“We really do appreciate it,” she said. “It’s a task to keep things together. Sometimes we get an overflow of donations that we have to manage.”

Secur’us House Outreach Services Advocate Kristy Taylor said the free help is invaluable.

“It means a great deal to us because we strive to make this a tranquil and safe place for the people we serve,” said Taylor. “The small tokens of appreciation from Georgia Power go a long way to our residents. They really appreciate it. And on such an iconic day. We give so much every day, for others to give back to us, it means a lot.”

Georgia Power worker Aristotle Savage said his daughter volunteered with him one year and the community service stuck with her.

“As we left, she told me ‘It feels good to volunteer,’” he said. “That’s why I continue to do it, to set the example for her.”

Diana Chow and Richard Leonhardt worked alongside Savage and Tiffany Smith outside Secur’us House.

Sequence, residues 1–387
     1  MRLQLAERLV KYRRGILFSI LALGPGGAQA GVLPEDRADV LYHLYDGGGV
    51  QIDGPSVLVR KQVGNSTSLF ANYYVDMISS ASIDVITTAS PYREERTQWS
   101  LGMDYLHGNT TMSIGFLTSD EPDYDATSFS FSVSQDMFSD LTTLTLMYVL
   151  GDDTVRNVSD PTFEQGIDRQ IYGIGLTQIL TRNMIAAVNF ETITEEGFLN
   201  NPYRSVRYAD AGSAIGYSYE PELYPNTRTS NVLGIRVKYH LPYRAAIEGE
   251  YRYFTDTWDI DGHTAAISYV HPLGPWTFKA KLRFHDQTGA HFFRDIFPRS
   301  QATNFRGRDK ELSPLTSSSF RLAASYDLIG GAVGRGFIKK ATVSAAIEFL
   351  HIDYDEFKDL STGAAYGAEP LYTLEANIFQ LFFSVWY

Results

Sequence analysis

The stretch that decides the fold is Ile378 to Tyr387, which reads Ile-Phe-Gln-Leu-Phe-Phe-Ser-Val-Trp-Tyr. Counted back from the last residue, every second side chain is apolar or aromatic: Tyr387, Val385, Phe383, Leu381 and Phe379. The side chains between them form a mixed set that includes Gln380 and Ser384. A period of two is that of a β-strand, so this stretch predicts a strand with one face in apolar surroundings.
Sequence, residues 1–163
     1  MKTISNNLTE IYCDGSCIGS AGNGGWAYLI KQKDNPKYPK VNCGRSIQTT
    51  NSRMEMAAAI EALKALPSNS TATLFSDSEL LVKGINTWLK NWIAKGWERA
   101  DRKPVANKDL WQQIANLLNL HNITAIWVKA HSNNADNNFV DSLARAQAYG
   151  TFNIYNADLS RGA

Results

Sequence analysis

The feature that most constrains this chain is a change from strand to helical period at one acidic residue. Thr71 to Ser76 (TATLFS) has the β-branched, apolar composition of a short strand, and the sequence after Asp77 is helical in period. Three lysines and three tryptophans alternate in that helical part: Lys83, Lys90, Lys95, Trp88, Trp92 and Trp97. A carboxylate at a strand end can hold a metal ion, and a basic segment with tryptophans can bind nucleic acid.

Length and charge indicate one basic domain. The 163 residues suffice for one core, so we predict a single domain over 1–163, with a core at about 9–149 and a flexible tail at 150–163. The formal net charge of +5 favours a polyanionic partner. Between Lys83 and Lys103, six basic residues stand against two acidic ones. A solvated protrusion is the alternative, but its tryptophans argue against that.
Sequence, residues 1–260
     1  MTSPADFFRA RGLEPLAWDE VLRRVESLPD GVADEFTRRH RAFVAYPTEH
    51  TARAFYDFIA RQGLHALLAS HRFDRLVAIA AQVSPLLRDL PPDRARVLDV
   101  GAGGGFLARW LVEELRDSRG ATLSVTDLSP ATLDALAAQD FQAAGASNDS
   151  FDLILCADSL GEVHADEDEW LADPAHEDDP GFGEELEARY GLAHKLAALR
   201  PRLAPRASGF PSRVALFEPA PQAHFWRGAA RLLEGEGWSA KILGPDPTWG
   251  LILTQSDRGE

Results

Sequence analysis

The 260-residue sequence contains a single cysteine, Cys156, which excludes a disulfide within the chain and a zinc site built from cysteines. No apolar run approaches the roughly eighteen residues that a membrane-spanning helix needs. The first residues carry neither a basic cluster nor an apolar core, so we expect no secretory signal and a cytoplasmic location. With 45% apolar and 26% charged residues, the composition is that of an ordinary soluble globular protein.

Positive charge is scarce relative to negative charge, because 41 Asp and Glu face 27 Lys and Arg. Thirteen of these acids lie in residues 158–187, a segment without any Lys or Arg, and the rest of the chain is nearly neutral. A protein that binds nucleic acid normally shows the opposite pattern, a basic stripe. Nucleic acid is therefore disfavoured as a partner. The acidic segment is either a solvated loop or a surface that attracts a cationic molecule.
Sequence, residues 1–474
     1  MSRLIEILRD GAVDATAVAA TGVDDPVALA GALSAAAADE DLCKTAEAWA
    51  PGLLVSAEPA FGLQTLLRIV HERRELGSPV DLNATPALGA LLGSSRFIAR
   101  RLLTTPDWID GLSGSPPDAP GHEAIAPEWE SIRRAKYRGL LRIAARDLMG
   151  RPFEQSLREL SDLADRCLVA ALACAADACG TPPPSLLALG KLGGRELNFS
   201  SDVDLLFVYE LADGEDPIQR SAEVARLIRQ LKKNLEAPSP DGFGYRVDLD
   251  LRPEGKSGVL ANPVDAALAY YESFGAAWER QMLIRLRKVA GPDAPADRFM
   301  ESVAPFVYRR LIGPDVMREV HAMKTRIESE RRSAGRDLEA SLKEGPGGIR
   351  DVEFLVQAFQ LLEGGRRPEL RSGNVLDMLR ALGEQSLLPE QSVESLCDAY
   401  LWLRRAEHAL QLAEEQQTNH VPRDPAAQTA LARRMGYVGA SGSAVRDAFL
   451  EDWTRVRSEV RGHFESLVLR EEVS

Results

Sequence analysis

“It’s not so much a resolution but I wanted to bring more into my life this year,” said Leonhardt.

Volunteers spent the morning separating and sorting through donated clothing, jackets and coats for the children who call Rainbow House home.

D. J. Robins, 15, helped move the freshly-packed boxes of clothes into a storage room. He is the son of the one of the volunteers.

“It’s a pretty neat experience helping give back,” said Robins. “It makes me feel good.”

Long-time volunteer Zena McGruder said the Day of Service is more than the painted walls or organized closets volunteers provide. She said the day represents a revival of community service, particularly for young people.

McGruder has volunteered in Day of Service for seven of the past eight years. She missed out on 2011, the year her twin daughter and son were born.

“This one hits a little more at home for me,” said McGruder, her eyes panning the toy-filled living area at Rainbow House.

“I can’t wait until they get a little older so that they can come and see and volunteer,” she said. “It’s a wonderful thing to experience. It’s a day of giving back. It’s definitely not a day off.”

For Emmanuel, volunteering is about teaching his children to be good citizens.

“You always have to keep them in Christ,” he said. “At this tender age, you have to instill it in them. I’m very proud of my kids.”

Donations can be made to Rainbow House at 879 Battlecreek Road, behind Clayton County Department of Family and Children Services in Jonesboro. To learn more about how to help, call 770-478-6905 or visit www.rainbowhouseinc.org.

To reach Secur’us House, call 770-960-7153.